Both anecdotal and empirical evidence (Pyke et al., 2000, Murray et al., 2004 and Wilkinson et al., 2005) indicate that many foreign companies in China are experiencing difficulties in sourcing strategic supplies from domestic suppliers and in forming long-term partnerships with them. In China, the difficulties seem to be more frequent in industries such as automotive that are characterized by high requirements on quality, delivery and intellectual property protection (Holweg et al., 2005 and Zhang and Chen, 2006). Despite the rapid growth of the Chinese automotive industry (Zhu et al., 2007), the collaborative capabilities of domestic suppliers are still limited. In addition to lacking basic process management skills (Eberhardt et al., 2004), challenges can be found in a historical shortage of R&D capabilities (Holweg et al., 2005). As a consequence, key components are still predominantly designed outside China and are imported by, or sourced from global suppliers with operations in China (Holweg et al., 2005). The efforts among automotive companies in China to find suitable domestic suppliers have to be seen both in the context of response to local content requirements as promulgated by the Chinese central government, as well as within the context of the global sourcing strategy the automobile companies want to pursue. Therefore, both original equipment manufacturers (OEMs) and their non-Chinese suppliers are currently trying to integrate more domestic suppliers into their supply chains in China. Suppliers extensively influence the competitiveness of the buying firm in terms of quality, costs, and innovation. In a networked industry like the automotive industry, it is virtually impossible for individual firms to possess all the technical expertise and capabilities needed to develop and produce a complex product like a car (Wolters and Schuller, 1997, Binder et al., 2007 and Wagner et al., 2008). In these situations, it is crucial for key players to work towards supplier integration. As will be shown in this study, supplier integration is a complex and multi-faceted phenomenon that requires a comprehensive approach that provides and recognizes viewpoints from several angles. First, it is necessary to understand which intra- and inter-organizational capabilities have to be developed. Secondly, in the light of the apparent expectation gap between the requirements of foreign companies and the capabilities of domestic suppliers, it is essential to gain a better understanding of how trust and commitment between buyers and suppliers can be created and how necessary changes of mindset, competencies, and organizational configurations of Chinese automotive suppliers can be induced. Even as they try to integrate indigenous Chinese suppliers into their supply chains, this issue assumes a particularly high degree of importance when viewed from the perspective of Chinese subsidiaries of foreign firms. These subsidiaries form our study's focus. In this context, it should be noted that all foreign OEMs must have a Chinese joint venture partner by law at a 50:50 share and that many, but not all, suppliers have Chinese partners as well. The goal of this paper is to contribute to theory building in supplier integration within the specific context of the Chinese automotive industry by analyzing empirical data gathered through qualitative case research methodology. Thus, the paper aims at answering the following research questions: • How is the integration of domestic suppliers characterized among subsidiaries of foreign automotive companies in China? • What are the antecedents to supplier integration in the Chinese automotive industry, and how do they motivate domestic suppliers to engage in collaborative buyer–supplier relationships? • What are the critical capabilities needed for suppliers of foreign subsidiaries in China, and what facilitates the development of these critical capabilities?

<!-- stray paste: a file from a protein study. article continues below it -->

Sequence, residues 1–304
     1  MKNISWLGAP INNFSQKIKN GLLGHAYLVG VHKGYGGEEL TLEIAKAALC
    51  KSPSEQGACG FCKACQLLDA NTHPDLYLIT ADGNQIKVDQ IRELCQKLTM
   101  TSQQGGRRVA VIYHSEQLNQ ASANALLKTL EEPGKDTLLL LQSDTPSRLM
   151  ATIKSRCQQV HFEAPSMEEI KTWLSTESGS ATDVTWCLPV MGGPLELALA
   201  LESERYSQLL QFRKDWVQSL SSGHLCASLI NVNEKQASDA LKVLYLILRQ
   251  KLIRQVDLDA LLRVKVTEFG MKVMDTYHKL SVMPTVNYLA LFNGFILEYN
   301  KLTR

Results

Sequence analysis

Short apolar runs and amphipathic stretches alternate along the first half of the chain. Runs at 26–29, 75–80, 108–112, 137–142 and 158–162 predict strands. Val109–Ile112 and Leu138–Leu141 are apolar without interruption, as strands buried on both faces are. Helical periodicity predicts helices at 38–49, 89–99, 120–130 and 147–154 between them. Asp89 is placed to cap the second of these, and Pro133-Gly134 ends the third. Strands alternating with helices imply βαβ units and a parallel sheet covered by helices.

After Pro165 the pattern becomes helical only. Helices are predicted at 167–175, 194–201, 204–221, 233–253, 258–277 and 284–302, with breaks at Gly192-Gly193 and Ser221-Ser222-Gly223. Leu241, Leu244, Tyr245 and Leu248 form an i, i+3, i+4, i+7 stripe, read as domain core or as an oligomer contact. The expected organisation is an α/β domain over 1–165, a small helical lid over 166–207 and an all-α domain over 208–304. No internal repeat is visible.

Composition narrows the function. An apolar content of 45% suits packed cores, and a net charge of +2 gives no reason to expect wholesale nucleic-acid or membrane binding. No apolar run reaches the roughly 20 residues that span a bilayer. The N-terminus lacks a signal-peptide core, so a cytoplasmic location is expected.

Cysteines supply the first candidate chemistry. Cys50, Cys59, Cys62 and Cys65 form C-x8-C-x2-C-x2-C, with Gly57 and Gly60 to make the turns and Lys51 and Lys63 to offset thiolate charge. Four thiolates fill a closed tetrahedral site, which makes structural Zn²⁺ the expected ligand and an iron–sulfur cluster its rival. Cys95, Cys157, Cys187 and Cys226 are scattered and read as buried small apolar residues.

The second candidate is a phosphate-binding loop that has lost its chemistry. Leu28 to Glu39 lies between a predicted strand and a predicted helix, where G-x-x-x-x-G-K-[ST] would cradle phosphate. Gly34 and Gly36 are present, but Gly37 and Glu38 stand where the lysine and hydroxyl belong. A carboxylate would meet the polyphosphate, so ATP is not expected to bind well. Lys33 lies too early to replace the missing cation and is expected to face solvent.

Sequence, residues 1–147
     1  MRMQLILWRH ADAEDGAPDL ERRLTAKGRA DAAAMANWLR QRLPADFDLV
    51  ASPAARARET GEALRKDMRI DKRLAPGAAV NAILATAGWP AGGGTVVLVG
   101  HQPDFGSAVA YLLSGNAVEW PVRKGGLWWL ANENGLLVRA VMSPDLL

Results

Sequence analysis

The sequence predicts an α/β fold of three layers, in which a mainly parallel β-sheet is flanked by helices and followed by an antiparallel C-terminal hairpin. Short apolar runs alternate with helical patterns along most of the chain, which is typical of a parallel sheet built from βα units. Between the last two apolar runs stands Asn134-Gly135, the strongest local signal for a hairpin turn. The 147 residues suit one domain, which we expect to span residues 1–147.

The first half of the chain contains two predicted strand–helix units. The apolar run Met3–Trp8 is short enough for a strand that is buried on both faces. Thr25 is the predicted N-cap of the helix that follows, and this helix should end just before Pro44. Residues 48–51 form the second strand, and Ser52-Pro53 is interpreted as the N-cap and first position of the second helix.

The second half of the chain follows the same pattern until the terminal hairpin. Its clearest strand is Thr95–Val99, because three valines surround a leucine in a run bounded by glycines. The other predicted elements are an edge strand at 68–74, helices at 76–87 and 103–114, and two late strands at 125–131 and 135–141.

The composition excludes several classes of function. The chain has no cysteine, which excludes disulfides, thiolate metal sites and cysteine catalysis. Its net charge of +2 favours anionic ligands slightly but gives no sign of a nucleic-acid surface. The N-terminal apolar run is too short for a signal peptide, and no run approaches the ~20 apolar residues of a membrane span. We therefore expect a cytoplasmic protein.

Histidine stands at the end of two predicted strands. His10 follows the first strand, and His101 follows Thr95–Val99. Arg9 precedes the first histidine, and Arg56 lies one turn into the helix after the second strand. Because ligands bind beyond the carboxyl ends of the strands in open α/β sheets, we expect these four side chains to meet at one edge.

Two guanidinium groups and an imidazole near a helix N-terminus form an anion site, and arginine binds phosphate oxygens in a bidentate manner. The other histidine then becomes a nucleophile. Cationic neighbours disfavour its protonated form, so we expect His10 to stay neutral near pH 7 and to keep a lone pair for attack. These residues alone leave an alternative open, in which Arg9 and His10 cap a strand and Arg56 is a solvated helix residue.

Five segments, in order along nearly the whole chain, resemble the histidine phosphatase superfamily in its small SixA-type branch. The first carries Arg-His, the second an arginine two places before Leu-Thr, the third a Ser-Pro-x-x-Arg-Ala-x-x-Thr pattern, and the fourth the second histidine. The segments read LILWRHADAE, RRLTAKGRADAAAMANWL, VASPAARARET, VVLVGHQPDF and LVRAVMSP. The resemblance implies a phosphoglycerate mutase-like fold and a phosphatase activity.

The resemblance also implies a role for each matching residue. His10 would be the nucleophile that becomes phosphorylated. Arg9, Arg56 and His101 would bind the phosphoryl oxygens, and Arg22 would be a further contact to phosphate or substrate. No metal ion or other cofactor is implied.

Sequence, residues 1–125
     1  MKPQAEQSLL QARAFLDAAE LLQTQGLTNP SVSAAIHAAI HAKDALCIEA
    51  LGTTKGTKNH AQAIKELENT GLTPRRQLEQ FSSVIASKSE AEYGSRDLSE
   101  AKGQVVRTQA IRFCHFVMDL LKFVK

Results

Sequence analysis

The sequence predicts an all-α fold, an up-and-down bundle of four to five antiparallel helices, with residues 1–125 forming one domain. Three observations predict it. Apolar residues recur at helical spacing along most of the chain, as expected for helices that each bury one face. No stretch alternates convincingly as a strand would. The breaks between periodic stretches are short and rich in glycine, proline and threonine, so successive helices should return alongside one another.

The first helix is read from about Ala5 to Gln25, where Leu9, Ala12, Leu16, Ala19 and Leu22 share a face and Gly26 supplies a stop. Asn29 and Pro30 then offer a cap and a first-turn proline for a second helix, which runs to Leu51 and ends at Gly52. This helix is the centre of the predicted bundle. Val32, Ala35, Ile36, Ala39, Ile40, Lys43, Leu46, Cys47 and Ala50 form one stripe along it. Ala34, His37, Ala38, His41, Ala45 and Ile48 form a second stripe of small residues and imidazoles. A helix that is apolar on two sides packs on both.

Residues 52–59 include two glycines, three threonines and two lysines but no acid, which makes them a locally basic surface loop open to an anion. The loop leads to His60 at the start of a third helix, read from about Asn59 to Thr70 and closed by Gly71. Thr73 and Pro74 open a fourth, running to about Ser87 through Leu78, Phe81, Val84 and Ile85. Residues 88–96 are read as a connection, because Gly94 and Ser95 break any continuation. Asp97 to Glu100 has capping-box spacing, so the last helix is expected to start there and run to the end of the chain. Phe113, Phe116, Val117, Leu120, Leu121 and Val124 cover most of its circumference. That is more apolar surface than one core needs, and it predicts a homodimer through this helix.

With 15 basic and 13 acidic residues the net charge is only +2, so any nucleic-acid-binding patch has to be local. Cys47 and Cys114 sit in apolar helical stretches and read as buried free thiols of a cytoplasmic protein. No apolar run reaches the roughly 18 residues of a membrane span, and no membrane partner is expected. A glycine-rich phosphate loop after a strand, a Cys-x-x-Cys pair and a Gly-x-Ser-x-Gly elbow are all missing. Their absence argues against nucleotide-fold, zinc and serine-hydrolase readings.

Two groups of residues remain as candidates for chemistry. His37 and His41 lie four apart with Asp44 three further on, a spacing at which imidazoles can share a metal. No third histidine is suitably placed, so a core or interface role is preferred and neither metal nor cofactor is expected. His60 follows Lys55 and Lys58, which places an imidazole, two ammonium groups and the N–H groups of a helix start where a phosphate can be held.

نتیجه گیری انگلیسی
The study had three research questions, namely: (1) How is supplier integration characterized in the Chinese automotive industry?, (2) What are antecedents to supplier integration in the Chinese automotive industry, and how they motivate domestic suppliers to engage in collaborative buyer–supplier relationships?, and (3) What are the critical capabilities needed for suppliers, and what facilitates the development of these critical capabilities? In examining the first question, this study found that a close and intense collaboration and interaction between buyers and suppliers is required in order to cope with the challenges in the automotive industry. Additionally, the basis for collaborative relationships has not yet been realized in the case of interaction with domestic suppliers in China. In terms of important antecedents (question 2), it was found that collaborative production planning processes with domestic suppliers are rather manual and reactive. Insufficient and inconsistent IT systems, and a lack of process management skills among domestic suppliers lead to unstable processes. These render JIT delivery concepts that rely on timely and accurate planning information somewhat obsolete. Instead of implementing more advanced production technologies and systems, companies have to focus on process stabilization when it comes to domestic suppliers. Furthermore, with respect to collaborative product development activities, genuine ‘black box’ or ‘gray box’ engineering capabilities are the rare exceptions among domestic suppliers. This means that current joint R&D projects are mainly buyer-driven, and in most cases limited to product and process modifications with supplier consultation. Regarding the third research question, the interviewees frequently pointed out that supplier integration directly hinges on a set of critical supplier capabilities (Salvador et al., 2002 and Hult et al., 2007). Process management, performance management, communication/autonomous problem solving, planning, engineering/innovation and learning capability were found to drive SI in the automotive industry. The results show that most domestic suppliers in China currently lack the above-mentioned capabilities. Antecedent elements that lead to better capabilities of suppliers, and in turn to a higher SI, have been identified. These elements have been aggregated as supplier collaboration readiness. The elements of this category are quality mindset/customer orientation, top management support, strategic alignment, willingness to learn/improve, long-term orientation, and trust. The results also emphasize the prominent role of supplier development activities in this aspect. The focus on such continuous programs is an important aspect in understanding the concept of supplier development and integration at least in the analyzed context. Furthermore, considering the task of the local purchasing department of the responding firms to manage external supplier relationships in China, vis-à-vis managing internal customer relationships overseas, its role as an organizational interface becomes evident. A lack of internal support, combined with a large cultural distance, evidently makes this task significantly more difficult to accomplish. Buyer leadership has the ability to create relational capital in the buyer–supplier relationship in terms of willingness, commitment, and trust. Many interviewees did not attribute quality problems among others primarily to a lack of technology or know-how – which can be acquired in the market to a certain extent, but rather to a lack of management skills and mindset. Hence, changing the mindset and the willingness of the supplier was found to be of paramount importance in the Chinese context. In sum, the idiosyncratic aspects of domestic supplier integration within the Chinese automotive industry are as follows: First, this industry in China is still at an immature stage with regards to supply chain development. Often, domestic suppliers lack the necessary experience to take part in early supplier involvement initiatives. The basic project plans and milestones related to this aspect are not apparent in many cases. Second, inherent cultural aspects concerning communication and socialization patterns necessitate a different approach when managing the domestic suppliers; more efforts need to be spent on monitoring and quality assurance compared to other countries. Third, when evaluating suppliers, more attention has to be paid to evaluation of suppliers’ senior management to assure alignment of culture, mindset and strategic orientation. As evidenced by our study, this alignment is crucial to building essential organizational capabilities such as quality management, precision manufacturing, autonomous/proactive problem solving, and continuous improvement.